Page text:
The Connected Car Market is Set for Exponential Growth
The connected car is a vehicle designed to be connected to the internet which in turn enables the connection to other connected devices, including smartphones and even home appliances. Over the next 5 years, the connected car is predicted to disrupt the automotive industry with the connected car market size expected to reach $46.69 Billion by 2020. The demand for low insurance cost and implementation of Usage-Based Insurance (UBI) has been one of the main factors for driving the market, today there are a variety of different business models that are emerging across the new connected car sector.
Connected car “players” will need to build strategies based on their own competitive strengths, and will likely fit into one (or more) of the following models:
- Digital Service Provider: These companies will provide digital services through connected car technology, services that range from entertainment, information services (such as news and weather) and health services. This will be an area where various competitors will try and enter, the successful companies will be thought leaders that can anticipate the needs of the mobile customer and offer the most user-friendly experience.
- Data Collector: Some companies will choose to position themselves as collectors and distributors of data from connected cars, and this data will be used to measure driver behavior as well as vehicle performance. These companies will be particularly attractive to insurance companies that are looking for a lot of data for program offerings.
- Digital Enabler: Some competitors looking to be in the connected car space will excel by concentrating on one particular high-value digital aspect of the connected car. By being an expert on one component, they can be the dominant supplier to all OEMs. Control of the specific technology through patents is really important to being successful.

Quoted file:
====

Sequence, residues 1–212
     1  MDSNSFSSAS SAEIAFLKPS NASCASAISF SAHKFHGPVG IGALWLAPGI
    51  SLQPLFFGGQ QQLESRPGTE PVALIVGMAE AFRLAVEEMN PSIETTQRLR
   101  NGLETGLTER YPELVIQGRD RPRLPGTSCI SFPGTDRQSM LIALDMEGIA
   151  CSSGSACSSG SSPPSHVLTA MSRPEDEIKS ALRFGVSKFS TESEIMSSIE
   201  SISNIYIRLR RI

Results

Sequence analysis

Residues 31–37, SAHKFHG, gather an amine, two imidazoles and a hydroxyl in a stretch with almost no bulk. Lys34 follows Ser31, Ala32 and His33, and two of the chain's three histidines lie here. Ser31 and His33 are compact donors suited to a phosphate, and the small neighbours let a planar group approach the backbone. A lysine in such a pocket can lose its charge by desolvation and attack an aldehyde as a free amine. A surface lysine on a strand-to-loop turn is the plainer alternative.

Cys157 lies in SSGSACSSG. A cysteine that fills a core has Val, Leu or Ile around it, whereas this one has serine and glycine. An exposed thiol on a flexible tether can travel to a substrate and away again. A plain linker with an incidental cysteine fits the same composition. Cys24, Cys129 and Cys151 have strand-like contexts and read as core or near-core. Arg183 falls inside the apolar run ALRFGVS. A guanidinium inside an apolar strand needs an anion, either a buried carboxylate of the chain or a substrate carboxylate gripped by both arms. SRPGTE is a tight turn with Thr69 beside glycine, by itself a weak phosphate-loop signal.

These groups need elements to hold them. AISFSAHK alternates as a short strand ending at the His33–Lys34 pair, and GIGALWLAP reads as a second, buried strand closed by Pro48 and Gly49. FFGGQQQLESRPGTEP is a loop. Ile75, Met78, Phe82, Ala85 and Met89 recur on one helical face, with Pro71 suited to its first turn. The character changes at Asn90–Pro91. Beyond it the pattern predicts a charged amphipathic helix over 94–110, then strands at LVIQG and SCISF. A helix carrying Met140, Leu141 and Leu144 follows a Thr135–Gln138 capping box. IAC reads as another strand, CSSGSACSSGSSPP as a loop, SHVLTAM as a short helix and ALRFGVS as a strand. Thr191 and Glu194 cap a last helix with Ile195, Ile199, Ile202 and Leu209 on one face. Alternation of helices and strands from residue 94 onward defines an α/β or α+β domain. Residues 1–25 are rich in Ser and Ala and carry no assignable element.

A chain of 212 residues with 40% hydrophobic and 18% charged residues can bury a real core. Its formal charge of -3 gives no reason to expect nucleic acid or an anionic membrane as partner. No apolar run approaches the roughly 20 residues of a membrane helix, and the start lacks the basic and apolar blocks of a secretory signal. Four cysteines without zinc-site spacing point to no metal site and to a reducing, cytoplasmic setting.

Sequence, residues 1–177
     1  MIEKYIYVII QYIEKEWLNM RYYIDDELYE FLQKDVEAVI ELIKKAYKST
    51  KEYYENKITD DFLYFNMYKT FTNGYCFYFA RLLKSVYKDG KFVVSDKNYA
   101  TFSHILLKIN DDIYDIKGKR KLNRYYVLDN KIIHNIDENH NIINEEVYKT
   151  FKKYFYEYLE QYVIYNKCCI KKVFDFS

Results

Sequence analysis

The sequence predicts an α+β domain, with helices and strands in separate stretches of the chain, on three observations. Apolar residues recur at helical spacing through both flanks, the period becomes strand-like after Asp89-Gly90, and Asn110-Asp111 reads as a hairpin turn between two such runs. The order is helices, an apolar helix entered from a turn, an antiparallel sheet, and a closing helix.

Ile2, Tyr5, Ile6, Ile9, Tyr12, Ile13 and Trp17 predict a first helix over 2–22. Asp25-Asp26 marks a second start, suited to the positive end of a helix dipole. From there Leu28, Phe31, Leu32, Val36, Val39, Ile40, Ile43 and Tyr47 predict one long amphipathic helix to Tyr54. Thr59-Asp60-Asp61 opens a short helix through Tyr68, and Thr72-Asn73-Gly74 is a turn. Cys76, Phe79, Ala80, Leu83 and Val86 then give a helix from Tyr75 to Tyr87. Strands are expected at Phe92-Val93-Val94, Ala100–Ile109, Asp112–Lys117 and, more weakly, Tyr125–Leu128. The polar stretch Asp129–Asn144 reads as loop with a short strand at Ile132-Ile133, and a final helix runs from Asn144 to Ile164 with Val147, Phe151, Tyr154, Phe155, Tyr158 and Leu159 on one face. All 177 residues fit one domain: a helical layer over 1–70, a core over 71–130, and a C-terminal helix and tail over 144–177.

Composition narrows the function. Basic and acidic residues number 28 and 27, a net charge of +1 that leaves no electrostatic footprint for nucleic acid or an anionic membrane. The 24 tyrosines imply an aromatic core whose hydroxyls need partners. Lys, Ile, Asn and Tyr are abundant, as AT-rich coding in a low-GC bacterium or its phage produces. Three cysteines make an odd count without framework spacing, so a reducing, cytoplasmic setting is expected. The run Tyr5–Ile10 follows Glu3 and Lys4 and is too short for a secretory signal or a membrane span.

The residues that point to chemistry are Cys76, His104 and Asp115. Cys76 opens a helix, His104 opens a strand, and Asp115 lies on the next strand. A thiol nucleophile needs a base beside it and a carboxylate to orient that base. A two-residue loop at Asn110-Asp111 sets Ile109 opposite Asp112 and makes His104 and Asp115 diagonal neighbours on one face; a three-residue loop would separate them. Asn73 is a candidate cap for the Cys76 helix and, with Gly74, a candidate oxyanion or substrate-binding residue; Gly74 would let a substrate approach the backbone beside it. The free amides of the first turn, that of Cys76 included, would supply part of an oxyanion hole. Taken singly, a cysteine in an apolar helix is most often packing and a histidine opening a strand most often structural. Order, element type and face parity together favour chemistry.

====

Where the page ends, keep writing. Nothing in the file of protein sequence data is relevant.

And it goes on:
- Digital Augmented Product Provider: OEMs will benefit from their automotive expertise and knowledge of their customer base to optimize the performance of their vehicles. OEM’s can use their position to offer a wide range of digital services, such as predictive maintenance or fleet management. This is possible as they have exclusive control of the vehicle sensor data.
All the value models mentioned will require auto manufacturers to become service providers. It will no longer be enough to produce and distribute the hardware. They must look at the technology, and see where they can meet their customers’ needs for digital services as well. Over the coming years, we will see a new automotive ecosystem that will include a focus on digital services, over strictly hardware, and with that, we will see openings for new players in a more cross-branded space.
An example of a cross branded space currently available is the IMS IoT Marketplace. The marketplace enables a data source agnostic telematics ecosystem that pulls together providers of third party telematics devices, vehicle OEMs, mobile applications and other related data sources to leverage one common infrastructure and data management architecture – the common goal: to provide richer end-user experiences.